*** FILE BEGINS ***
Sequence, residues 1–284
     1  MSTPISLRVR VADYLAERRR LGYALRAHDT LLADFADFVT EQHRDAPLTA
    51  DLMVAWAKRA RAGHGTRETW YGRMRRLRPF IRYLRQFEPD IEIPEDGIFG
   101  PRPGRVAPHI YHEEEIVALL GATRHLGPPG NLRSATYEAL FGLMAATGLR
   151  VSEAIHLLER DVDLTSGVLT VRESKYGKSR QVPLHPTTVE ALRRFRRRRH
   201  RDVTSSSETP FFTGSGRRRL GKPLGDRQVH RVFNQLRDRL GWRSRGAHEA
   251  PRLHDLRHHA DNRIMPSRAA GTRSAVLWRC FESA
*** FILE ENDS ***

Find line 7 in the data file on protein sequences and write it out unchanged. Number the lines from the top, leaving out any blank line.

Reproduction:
   251  PRLHDLRHHA DNRIMPSRAA GTRSAVLWRC FESA